Police Minister Bheki Cele Photo: Facebook

Police Minister Bheki Cele will meet Western Cape Total Shutdown Communities (WCTSC) leaders again next week to discuss their concerns about the economic system, which they say is to blame, among others, for the high levels of poverty, crime and gangsterism.

Cele met Bonteheuwel residents and WCTSC leaders on Wednesday subsequent to the Total Shutdown protests. Emotions ran high at the meeting when residents chased away Mayco member for safety and security JP Smith and local ward councillor Angus McKenzie from the venue.

The minister would not engage them before Smith and McKenzie agreed to leave the meeting.

Commenting on Smith and McKenzie being ejected from the meeting, Gatto Wanza of WCTSC told the Cape Times on Thursday the "DA is guilty of continuing the old apartheid way of governance, of thinking they control the way we think, the way we do things, and we are tired of that. The old apartheid way of doing things must come to an end and we the people must come together".

Wanza said it was a fruitful meeting with Cele. "We have a plan and we will be meeting with the minister again on October 3 and sit down and share the plan.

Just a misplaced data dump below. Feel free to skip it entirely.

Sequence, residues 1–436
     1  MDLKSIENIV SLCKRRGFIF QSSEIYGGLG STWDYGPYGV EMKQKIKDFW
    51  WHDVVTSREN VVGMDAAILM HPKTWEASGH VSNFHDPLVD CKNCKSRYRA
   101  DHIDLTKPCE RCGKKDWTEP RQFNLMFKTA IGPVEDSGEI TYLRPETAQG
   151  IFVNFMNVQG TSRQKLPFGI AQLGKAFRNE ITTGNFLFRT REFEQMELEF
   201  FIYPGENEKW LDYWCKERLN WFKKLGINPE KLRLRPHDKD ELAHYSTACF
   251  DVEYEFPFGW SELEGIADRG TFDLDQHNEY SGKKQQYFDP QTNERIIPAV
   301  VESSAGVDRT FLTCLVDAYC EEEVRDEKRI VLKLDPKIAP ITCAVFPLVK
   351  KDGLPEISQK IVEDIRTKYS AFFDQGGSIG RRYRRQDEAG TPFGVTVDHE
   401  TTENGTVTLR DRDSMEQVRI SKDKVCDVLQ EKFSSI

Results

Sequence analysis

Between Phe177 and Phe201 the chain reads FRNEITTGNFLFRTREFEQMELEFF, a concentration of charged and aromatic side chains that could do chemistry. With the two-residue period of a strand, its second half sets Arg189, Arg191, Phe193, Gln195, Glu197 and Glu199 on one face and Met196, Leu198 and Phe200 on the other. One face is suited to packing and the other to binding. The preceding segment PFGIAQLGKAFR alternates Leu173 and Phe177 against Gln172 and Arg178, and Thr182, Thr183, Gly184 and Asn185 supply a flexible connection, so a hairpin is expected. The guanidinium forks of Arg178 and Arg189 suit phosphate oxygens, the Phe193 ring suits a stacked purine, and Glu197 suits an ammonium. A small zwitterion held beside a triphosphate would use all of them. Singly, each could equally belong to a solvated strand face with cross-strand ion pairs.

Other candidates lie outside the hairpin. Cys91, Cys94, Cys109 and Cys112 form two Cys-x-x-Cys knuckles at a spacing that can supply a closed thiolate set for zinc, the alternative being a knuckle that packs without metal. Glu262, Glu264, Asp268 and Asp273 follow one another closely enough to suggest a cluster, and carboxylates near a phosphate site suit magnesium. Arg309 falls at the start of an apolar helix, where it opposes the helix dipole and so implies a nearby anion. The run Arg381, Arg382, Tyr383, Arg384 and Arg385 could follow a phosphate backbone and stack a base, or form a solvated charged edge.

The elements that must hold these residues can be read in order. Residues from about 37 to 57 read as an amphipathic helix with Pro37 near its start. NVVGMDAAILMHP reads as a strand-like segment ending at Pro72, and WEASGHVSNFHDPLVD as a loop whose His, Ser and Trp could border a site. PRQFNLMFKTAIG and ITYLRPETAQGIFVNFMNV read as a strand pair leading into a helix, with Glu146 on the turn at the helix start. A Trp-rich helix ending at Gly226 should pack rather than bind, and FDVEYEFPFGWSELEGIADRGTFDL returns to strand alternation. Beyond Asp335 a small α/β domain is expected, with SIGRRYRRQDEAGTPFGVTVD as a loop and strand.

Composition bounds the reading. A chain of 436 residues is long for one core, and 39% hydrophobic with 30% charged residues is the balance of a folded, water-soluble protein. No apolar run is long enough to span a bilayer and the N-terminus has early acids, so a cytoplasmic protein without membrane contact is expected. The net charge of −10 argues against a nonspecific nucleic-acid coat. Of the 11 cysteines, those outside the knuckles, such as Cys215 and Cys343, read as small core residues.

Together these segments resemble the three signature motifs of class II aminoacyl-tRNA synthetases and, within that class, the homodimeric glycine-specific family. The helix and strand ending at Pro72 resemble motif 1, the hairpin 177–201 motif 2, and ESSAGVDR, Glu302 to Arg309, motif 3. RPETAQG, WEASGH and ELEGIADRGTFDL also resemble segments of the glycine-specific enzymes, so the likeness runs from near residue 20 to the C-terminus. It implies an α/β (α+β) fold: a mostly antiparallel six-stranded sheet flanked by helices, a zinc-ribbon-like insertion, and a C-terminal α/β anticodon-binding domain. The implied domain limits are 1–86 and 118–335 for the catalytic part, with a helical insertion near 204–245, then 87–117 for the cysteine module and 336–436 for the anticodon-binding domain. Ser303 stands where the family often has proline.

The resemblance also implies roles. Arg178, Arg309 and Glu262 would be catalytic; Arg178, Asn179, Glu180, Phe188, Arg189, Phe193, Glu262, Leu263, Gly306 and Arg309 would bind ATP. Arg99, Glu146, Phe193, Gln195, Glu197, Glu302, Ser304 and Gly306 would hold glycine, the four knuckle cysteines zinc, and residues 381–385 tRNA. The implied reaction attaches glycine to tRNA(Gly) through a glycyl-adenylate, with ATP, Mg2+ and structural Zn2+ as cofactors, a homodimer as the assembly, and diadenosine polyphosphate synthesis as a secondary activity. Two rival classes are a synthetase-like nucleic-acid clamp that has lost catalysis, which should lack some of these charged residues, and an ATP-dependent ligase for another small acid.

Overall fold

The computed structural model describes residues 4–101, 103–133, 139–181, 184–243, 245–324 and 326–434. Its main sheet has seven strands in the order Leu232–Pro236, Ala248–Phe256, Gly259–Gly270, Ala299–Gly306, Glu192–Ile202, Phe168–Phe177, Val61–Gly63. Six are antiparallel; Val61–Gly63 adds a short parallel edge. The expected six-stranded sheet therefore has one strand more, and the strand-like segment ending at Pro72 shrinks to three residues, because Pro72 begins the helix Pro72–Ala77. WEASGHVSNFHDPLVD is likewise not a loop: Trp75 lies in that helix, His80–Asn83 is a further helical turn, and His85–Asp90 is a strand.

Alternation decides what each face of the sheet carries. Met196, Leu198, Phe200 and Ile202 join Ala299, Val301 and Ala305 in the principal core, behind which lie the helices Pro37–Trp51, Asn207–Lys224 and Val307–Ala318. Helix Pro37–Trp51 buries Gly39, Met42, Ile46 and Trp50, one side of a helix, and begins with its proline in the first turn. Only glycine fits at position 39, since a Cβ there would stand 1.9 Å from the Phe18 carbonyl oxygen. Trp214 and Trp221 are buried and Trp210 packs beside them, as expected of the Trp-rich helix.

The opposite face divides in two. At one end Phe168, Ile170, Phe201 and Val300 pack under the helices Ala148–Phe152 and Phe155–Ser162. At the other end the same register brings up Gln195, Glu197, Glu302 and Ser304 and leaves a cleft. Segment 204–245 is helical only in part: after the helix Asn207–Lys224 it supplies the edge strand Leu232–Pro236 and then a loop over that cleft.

"The meeting will not be about crime and gangsterism, but about the economic system that is not working for us. We need to redevelop the economic system from the grass-roots level."

Wanza said Cele will be talking to his colleagues in the cabinet in the meantime and seeing as "there is only one government", feels the police minister will be able to their case forward.

On Wednesday, the police minister was shown a video of the protest, where eight people from Bonteheuwel were arrested, with the police resorting to firing stun grenades and rubber bullets. In total, 24 people were arrested across the city, with only one person, who had his case dismissed, appearing in court on Wednesday.

On Thursday, Cele acknowledged more police officers needed to be assigned to the Western Cape, but that there was a shortage nationally, the SABC reported.

“The issue of the shortage of police personnel in the Western Cape is a national issue, it is not them only. Thus far we have pulled people from other provinces to increase the numbers in that area.

"We agree, we're working on numbers of people we're going to send on training. We are not going to give the number now, which is more than a thousand people, and those people will be trained for Cape Town.”

The Cape Argus reported that Henriette Abraham of WCTSC called on Cele on Wednesday to spend time in Bonteheuwel and use public transport without bodyguards, “to see how the community lives”.

“Every day we are robbed on our way to work; our children are being manhandled by gangsters on their way to school because they want them to join gangs,” said Abrahams.

Abraham's community depended on a satellite police station that closed before midnight.